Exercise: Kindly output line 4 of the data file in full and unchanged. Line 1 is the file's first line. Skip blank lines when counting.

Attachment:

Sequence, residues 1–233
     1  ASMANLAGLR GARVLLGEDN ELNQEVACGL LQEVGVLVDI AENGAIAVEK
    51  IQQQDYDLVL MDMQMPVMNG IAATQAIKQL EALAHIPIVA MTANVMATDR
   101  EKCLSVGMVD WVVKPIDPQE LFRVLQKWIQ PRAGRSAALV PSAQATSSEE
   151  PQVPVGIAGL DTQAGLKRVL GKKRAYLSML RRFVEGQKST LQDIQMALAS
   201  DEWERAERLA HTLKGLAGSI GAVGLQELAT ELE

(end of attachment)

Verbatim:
   101  EKCLSVGMVD WVVKPIDPQE LFRVLQKWIQ PRAGRSAALV PSAQATSSEE